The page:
The pancreas has two separate functions within the body, often referred to as the exocrine and endocrine pancreata. The endocrine pancreas secretes hormones, including insulin and glucagon, which regulate blood glucose metabolism. The exocrine pancreas secretes zymogens and active enzymes that, ultimately, aid in digestion. Exocrine pancreatic insufficiency (EPI) is a condition of maldigestion and usually doe not involve the endocrine pancreas. In this article, we review the etiologic factors, diagnostic tools, and management recommendations for dogs with EPI.
NORMAL EXOCRINE PANCREATIC FUNCTION
The exocrine pancreas secretes many different zymogens for digesting carbohydrates, fats, and proteins (Figure 1). Protein digestion is catalyzed by the enzymes trypsin, chymotrypsin, and carboxypeptidase. These proteolytic digestive enzymes are initially released from the pancreas as the zymogens trypsinogen, chymotrypsinogen, and procarboxypeptidase, respectively, and are activated once they reach the small intestine. In the presence of chyme, enterocytes release enteropeptidase, which activates some of the trypsinogen. Additionally, the newly formed trypsin assists in activating all three zymogens. This delayed activation prevents autodigestion of pancreatic proteins. Once activated, trypsin and chymotrypsin break down proteins into smaller peptides, while carboxypeptidase further processes some of these peptides into amino acids.
Carbohydrate digestion is facilitated by pancreatic amylase secretion, which hydrolyzes most carbohydrates into disaccharides and some trisaccharides. Finally, the exocrine pancreas facilitates fat digestion by releasing the enzymes pancreatic lipase, cholesterol esterase, and phospholipase and the zymogen procolipase, which is activated by trypsin to form colipase.
Figure 1. Normal exocrine pancreatic function in animals.
Exocrine pancreatic secretions contain digestive enzymes and sodium bicarbonate in an aqueous solution. Acetylcholine and cholecystokinin stimulate the release of digestive enzymes, while secretin stimulates the release of large quantities of bicarbonate and water. The digestive enzymes are produced and secreted by the pancreatic acinar cells, while epithelial cells of the pancreatic ductules secrete bicarbonate. Once within the duodenum, sodium bicarbonate neutralizes gastric secretions.1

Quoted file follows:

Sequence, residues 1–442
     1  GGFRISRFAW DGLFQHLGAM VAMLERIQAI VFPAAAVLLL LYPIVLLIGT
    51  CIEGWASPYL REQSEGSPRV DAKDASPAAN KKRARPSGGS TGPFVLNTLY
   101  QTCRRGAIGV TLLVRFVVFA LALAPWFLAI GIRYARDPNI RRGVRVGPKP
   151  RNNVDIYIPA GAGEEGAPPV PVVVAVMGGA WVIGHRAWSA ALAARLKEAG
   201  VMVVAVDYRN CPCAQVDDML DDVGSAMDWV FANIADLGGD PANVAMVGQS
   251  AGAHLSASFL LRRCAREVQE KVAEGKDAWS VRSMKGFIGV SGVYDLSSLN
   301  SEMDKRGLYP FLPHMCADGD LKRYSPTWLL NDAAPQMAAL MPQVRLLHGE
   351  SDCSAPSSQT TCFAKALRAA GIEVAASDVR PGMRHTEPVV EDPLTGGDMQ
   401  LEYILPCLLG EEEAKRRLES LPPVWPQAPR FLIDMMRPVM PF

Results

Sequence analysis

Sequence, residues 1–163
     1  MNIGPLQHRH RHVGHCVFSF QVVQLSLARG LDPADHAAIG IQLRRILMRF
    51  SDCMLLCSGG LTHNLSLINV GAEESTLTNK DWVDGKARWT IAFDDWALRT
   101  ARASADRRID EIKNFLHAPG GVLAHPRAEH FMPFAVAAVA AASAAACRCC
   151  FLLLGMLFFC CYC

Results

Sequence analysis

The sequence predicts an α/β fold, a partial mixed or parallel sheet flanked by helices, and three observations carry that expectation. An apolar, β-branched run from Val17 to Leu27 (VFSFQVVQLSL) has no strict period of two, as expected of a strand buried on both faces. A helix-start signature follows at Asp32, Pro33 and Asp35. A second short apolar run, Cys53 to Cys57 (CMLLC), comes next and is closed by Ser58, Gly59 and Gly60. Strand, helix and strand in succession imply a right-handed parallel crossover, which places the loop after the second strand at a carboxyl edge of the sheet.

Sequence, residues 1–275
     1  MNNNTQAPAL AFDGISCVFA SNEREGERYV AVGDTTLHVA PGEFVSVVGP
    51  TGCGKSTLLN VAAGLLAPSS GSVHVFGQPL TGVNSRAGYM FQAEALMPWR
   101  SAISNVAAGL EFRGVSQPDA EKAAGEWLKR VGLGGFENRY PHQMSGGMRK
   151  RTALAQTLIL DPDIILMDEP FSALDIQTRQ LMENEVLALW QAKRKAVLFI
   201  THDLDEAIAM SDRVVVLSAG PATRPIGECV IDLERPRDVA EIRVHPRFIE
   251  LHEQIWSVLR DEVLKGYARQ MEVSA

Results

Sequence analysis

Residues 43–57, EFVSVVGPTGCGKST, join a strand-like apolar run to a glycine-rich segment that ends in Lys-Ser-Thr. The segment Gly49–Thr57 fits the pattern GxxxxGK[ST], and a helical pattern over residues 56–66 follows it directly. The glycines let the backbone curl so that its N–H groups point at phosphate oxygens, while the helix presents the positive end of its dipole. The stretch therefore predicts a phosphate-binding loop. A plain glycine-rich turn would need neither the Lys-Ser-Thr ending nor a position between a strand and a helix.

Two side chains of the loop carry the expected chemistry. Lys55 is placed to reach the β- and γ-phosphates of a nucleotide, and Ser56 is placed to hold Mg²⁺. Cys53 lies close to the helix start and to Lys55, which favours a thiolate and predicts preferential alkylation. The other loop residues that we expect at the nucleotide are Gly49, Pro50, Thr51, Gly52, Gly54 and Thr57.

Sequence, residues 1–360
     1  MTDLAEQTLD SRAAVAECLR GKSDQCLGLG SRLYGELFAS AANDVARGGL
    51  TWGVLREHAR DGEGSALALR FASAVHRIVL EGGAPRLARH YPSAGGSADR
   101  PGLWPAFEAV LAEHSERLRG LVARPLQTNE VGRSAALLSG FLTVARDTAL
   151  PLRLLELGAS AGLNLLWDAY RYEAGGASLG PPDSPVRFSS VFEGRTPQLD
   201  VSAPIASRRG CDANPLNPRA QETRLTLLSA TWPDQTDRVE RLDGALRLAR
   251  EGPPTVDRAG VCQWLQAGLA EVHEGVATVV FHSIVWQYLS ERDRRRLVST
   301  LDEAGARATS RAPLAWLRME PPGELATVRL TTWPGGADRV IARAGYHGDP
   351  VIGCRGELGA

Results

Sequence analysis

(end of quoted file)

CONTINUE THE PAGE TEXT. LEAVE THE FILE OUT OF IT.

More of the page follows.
EXOCRINE PANCREATIC INSUFFICIENCY
In patients with EPI, inadequate production of digestive enzymes by the pancreatic acinar cells leads to maldigestion and malabsorption of nutrients. The persistence of undigested food within the small intestine often results in bacterial overgrowth, further compromising intestinal function. Fortunately, the pancreas has a high reserve capacity, so signs of maldigestion do not occur until 90% of the exocrine pancreatic function is lost.2 In rare cases of EPI in people, there is selective deficiency of individual pancreatic enzymes. Isolated lipase deficiency has been described in a single dog.3
CAUSES OF EPI
Causes of EPI include pancreatic acinar atrophy, chronic pancreatitis, pancreatic hypoplasia, and neoplasia.
Pancreatic acinar atrophy
The most common cause of EPI in dogs is pancreatic acinar atrophy. The severity of this condition ranges from subclinical disease to a complete absence of secretory capacity.2 Pancreatic acinar atrophy is thought to be an immune-mediated condition that begins with lymphocytic pancreatitis.4 Selective destruction of acinar cells with replacement by atypical parenchyma, ductal structures, and adipose tissue is seen in the late stages of the disease.
Immunohistochemical analysis of pancreatic biopsy samples from dogs with subclinical EPI reveals a predominance of intra-acinar CD4+ and CD8+ T lymphocytes, supporting an immune-mediated cause.5 Other histologic characteristics include piecemeal tissue destruction, large groups of lymphocytes that resemble lymphoid follicle germinal centers, and necrotic and apoptotic acinar cell death.4